So I was telling Hymie… you remember Hymie… yeah, the one with the hacking cough… like a freight train, you say… ha, more like the Hindenburg colliding with a dining needle… he recently lost his job at the pickle store… what’s that, how do you lose a pickle job… I guess he couldn’t do math on the brine-ary system… anyway, he was thinking of taking a correspondence course in taxidermy… so I ask him if he likes dead animals… what dead animals, he says, I’m hoping to get a license to drive a hack in New York City… unrealistic, nah, nothing compared to his mother, Aunt Sadie, she still is pushing for medical school… excuse me for a minute, telephone… oh, it’s my editor… something about Hanukkah… hasn’t he ever heard of heartburn… okay, I’ll be right back….
Leaving the family to fester for a while, let me share a theory. A theory that may shine a light on the social impulses of all mankind and how they may be refined in spiritual settings.
The Biblical calendar includes a series of festive observances, covering a seven month period from spring to early fall, Passover to Tabernacles. The meals on these days can be very uplifting in an edifying sort of way, wholesome yet freighted with formality. You might bring a new fiancee into that atmosphere without too much fear of embarrassment occurring in either direction. Grandpa might choose to impart tales of the old country and for once you find yourself gaining an appreciation.
The chill five months then went Biblically unrelieved. It must have been a grim slog through those first thousand or so winters, battling the sludge and the drudge. Then came Purim, when an exilic Jewish population based mostly in Persian provinces escaped the clutches of Haman. A couple of centuries later it was joined by Hanukkah, as the tyrannical suzerainty imposed by the Greeks on Israel was deposed by a guerrilla war. The unique element was that rabbinic powers of legislation were deployed to fashion national days of celebration.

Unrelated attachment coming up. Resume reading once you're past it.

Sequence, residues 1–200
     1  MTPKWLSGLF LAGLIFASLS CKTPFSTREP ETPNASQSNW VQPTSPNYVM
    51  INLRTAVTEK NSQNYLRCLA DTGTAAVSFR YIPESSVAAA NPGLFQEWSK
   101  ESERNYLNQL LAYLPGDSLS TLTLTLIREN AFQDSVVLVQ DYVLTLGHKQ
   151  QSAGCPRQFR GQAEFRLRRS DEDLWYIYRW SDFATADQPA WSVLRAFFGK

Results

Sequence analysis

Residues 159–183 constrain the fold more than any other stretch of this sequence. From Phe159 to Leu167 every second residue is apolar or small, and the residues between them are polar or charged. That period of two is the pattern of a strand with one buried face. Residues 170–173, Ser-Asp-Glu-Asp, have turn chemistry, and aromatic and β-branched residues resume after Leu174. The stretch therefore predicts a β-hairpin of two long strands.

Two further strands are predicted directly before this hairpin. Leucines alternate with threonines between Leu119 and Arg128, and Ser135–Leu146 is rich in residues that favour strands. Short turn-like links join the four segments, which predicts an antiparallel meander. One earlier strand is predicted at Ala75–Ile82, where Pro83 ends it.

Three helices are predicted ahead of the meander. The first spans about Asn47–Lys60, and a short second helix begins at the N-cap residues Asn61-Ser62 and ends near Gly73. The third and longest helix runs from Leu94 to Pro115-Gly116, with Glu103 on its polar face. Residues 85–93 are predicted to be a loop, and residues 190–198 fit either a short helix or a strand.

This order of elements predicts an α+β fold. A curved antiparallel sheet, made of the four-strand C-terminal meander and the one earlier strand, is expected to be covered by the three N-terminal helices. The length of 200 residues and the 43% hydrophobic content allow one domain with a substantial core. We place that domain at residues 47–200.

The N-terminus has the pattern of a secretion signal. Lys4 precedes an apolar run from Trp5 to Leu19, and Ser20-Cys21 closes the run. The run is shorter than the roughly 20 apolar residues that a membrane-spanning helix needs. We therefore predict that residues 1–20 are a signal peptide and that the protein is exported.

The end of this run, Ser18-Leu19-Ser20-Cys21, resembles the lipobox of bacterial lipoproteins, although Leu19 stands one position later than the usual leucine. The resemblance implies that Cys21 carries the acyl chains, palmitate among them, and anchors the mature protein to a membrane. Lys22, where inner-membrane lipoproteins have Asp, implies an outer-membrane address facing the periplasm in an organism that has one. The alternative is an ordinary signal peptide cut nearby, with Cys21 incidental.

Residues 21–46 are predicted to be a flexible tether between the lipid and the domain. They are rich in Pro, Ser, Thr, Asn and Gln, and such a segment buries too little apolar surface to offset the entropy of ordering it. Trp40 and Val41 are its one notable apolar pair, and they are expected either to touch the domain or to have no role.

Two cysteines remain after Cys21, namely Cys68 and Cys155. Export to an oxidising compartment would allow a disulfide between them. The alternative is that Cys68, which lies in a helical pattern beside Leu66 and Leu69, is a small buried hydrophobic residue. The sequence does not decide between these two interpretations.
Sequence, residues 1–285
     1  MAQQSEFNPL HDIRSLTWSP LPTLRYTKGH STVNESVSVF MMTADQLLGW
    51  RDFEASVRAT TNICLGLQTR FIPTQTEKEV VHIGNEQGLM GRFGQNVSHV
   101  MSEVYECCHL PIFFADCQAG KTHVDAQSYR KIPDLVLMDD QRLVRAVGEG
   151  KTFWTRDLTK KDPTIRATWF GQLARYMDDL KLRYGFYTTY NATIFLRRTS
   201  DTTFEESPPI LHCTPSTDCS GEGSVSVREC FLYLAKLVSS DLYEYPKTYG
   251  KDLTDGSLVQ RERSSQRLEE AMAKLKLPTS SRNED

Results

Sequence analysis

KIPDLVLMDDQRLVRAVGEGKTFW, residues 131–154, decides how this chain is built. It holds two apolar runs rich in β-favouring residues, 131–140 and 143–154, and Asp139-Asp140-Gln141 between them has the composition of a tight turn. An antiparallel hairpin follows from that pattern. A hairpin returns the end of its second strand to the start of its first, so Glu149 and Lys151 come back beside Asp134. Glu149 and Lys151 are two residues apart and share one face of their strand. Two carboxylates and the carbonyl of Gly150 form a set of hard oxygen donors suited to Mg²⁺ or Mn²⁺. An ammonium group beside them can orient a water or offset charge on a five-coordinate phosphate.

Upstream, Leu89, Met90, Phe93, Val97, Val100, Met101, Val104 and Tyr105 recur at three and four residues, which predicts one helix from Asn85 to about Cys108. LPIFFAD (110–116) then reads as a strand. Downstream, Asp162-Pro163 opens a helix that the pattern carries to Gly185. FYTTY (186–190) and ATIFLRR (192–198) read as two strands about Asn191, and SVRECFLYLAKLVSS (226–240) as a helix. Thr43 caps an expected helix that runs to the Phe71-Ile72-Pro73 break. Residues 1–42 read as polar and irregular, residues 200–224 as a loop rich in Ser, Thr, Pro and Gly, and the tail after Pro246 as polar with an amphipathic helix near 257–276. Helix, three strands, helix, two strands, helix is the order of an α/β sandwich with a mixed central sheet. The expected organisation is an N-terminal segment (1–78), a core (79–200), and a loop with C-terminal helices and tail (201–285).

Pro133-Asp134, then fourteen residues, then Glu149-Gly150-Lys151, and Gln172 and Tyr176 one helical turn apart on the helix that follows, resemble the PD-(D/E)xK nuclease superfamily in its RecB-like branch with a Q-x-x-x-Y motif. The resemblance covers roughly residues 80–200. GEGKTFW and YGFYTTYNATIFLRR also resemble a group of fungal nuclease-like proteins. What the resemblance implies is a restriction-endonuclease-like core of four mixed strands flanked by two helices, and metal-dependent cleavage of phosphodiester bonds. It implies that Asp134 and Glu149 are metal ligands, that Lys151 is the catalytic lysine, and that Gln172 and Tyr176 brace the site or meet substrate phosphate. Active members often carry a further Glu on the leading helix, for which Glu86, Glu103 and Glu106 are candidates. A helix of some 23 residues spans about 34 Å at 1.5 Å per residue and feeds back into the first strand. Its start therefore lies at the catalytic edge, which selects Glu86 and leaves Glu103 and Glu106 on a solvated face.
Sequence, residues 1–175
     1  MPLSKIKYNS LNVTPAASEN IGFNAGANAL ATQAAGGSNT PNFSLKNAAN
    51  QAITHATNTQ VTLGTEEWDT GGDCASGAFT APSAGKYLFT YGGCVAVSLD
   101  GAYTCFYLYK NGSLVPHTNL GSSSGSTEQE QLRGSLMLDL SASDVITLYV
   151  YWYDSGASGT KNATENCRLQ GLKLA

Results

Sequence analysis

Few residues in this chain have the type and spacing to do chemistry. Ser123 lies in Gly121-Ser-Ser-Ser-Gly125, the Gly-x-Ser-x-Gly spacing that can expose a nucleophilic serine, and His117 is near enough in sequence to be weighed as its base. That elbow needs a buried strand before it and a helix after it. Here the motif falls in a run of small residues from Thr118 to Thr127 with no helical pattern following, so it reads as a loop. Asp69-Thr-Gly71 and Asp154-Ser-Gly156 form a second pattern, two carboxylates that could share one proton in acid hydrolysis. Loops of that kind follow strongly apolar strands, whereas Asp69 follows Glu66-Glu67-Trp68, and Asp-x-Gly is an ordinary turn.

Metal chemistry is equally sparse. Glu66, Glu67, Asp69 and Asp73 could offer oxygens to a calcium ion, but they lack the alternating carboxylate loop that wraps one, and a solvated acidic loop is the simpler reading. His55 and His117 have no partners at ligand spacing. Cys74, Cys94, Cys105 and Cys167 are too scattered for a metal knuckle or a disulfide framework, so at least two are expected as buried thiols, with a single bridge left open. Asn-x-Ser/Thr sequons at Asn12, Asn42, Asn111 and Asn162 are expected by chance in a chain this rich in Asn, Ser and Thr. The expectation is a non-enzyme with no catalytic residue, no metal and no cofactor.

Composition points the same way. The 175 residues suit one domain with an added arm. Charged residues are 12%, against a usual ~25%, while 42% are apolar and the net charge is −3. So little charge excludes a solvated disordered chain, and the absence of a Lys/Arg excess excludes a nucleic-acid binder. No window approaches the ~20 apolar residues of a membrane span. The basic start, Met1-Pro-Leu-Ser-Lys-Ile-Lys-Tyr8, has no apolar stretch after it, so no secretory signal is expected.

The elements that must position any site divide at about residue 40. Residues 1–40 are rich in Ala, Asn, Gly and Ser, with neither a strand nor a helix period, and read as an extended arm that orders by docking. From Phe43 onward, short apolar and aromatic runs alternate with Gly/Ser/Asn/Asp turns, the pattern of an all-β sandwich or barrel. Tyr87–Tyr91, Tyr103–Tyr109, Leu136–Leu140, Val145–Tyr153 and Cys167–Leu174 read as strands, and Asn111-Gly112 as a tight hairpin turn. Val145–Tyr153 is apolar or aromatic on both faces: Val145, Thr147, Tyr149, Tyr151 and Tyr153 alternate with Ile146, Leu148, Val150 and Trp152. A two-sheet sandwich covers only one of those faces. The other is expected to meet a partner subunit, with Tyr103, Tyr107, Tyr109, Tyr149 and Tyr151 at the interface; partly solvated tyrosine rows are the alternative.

Looking closely at these new holidays, we notice two key elements. Each brought a special food, not a dish with gravitas like turkey, but a playful snack. Purim had the hamentash, a triangular cookie with a fruit-filled center, designed to mock Haman’s pointy hat. Hanukkah introduced the latke, fried dough (later potatoes) to commemorate funnily the oil that was said to have burned miraculously for eight nights. (My joke was that one night of oily latkes gives eight days of heartburn.)p>Each also came with a toy invented especially for the occasion. The Purim “grogger” is a hand-operated noisemaking device to drown out the evil name of Haman. The Hanukkah dreidel is a sort of children’s top with one letter on each of four planes, which can be used to gamble by wagering which side will be facing up at the end of a spin. In Don McLean’s lovely song, Dreidel, he notes wistfully: br> /p> blockquote> em>I feel like a spinning top or a dreidel br> The spinning don’t stop when you leave the cradle br> You just slow down. br> Round and round the world you go br> Spinning through the lives of the people you know. /em>
A man of faith in a godless age is hitting Americans where it hurts.
Mr. and Mrs. American Spectator Reader, let P.J. O’Rourke talk sense to your kids.
In Britain, defending your property can get you life.
The debacle of this president’s administration is both a cause and a symptom of the decline of American values. Unless Congress impeaches him, that decline will go on unchecked. An eminent jurist surveys the damage and assesses the chances for the recovery of our culture.
It won’t take long for conservatives to scratch this presidential wannabe off their 2008 scorecard.
The American Christmas, like the songs that celebrate it, makes room for everybody under the rainbow. Is that why so many people seem to be hostile to it?
Was the President done in by the economy, or by the politics of the economy?